A wise man once said:
You don’t appreciate breathing out of both nostrils until one is taken from you.
Isn’t that the truth?
Few things in life are more frustrating than trying to sleep with a plugged nose. There’s just no sleep number specific enough, nor pillow sufficiently soft to outweigh the discomfort of a stuffed-up schnoz.
Fortunately, when you’re congested, be it from the flu, allergies, or just the common cold, there are a number of tools at your disposal for restoring healthy respiratory function:
Don’t Blow it!
While you lay in bed, wheezing for air, your very first instinct will likely be to reach for the tissue box and blow your nose.
Don’t do it!
If your nose isn’t runny then blowing your nose can cause to further inflammation in your nasal passages, which will only make the problem worse.
Tackle it with Tea!
Mother nature has a great medicine cabinet, and she encourages us to borrow from it as needed. So before jumping to prescriptions, why not first try an holistic, herbal remedy in the form of a tea?
Here are three of the best before-bed brews for nasal health. Drink a cup of your choosing before bed to reduce midnight congestion.
A powerhouse of a spice, clove is credited with an array of healing properties ranging from aiding in digestion to preserving bone quality. Yet, it’s the bud’s use as an expectorant which make it so valuable to those suffering from congestion.
Clove loosens up mucous in the throat and sinuses, allowing them to drain properly into the esophagus where it can be coughed up.
It also smells really, really good.
Though ground clove can be made into its own tea, some prefer to mix it with black tea. However, it’s important to be wary of caffeine content in the tea when creating a clove mix, especially before bed.
For best results, use a ratio of 1 Tbsp of ground clove to 1 cup of water.
Steep time: 10 mins.
Chamomile is sort of a misnomer in that the name actually refers to a number of similar, yet distinct plants belonging to the Asteraceae family, the most common of which are German and Roman Chamomile.
As a whole, Chamomile is responsible for treating literally dozens of ailments ranging from skin irritation, to anxiety/insomnia, right down to-you guessed it- Congestion! In fact, many teas designed to help you sleep better feature chamomile as the main ingredient.
When given the choice between Roman and German Chamomile, German is the preferred type for those suffering from allergy and cold symptoms. Its effectiveness in treating inflammation makes it a wonder weapon against constricted blood vessels in the nasal passage. It’s also a sedative, making it the perfect choice for a healthy nightcap.Most store-bought chamomile tea brands contain German chamomile.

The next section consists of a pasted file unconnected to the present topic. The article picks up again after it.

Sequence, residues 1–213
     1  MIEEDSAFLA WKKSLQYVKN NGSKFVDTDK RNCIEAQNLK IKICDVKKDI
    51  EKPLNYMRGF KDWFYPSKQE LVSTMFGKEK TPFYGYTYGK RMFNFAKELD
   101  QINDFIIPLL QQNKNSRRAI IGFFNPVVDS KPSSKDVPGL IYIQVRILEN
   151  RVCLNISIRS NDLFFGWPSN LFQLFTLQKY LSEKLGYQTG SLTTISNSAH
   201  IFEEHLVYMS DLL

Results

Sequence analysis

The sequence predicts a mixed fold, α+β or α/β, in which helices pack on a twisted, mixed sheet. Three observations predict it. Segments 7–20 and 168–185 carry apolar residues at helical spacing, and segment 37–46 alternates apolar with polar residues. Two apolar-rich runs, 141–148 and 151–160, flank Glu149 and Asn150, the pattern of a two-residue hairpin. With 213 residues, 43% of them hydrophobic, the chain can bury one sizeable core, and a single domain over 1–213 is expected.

For best results, measure 2-3 tsp per 1 cup of water.
Steep time: 3-5 minutes.
Yep, the main ingredient of ginger ale can also be used to help beat down that blocked nose of yours.
Ginger is actually a flowering plant that can grow to 3 foot in length. While it may be pretty to look at, the congestion fighting part of the plant is found at the root.
Fresh Ginger contains gingerol, a natural anti-inflamatory that can provide relief to your swollen nasal membranes. gingerol is also responsible for decreasing mucus production which in turn helps remedy that stuffy head feeling.
Ginger tea is best made with fresh ginger, otherwise you will lose the decongestant benefits. Add 10 thin slices of ginger and add them to a pint of water. Boil and strain out the pieces. Enjoy your fresh ginger tea.
Sleep with your Head Propped
The simplest remedy for sleeping with a stuffy nose is to lie on your back with your head propped. By keeping the head elevated above the heart, blood is unable to pool in vessels lining the sinus cavity. It also allows mucus to drain properly.
By contrast, lying flat allows the mucus to flow back up into the sinuses and pool, where it hardens and disrupts breathing and sleep.
If sleeping on your back is uncomfortable for you, you may want to invest in a pillow designed for upright sleep, such as a wedge pillow.
Wedge pillows are exactly as they sound- triangular wedge-shaped pillows that look like big door stoppers. They are often recommended for people who have breathing problems such as sleep apnea or congestion as they keep the head propped above the heart, and their firm, foam construction maintains shape while under pressure.
Note: These pillows can be a bit pricey and range anywhere from $25 to upwards of $100 depending on where you shop, so you’ll definitely want to do your research.
Take a shower
A shower can provide temporary relief of your blocked nose, long enough for you to fall fast asleep.
it’s not the shower that soothes your stuffy nose but rather the steam. The moisture from the steam helps to loosen stubborn phlegm allowing you blow it out of your nose with a tissue.
If you don’t want to get wet you can simply cover your head with a towel and lean over a pot of hot water. A couple of drops of eucalyptus oil will add some natural unblocking power to the steam.
Humidify your Bedroom
When the air is too dry, mucus solidifies in the nostril and can’t drain through the sinuses. When enough of this hardened mixture accumulates, it can lead to sinusitis- a nasty infection brought on by a mass of germs trapped deep within the nose.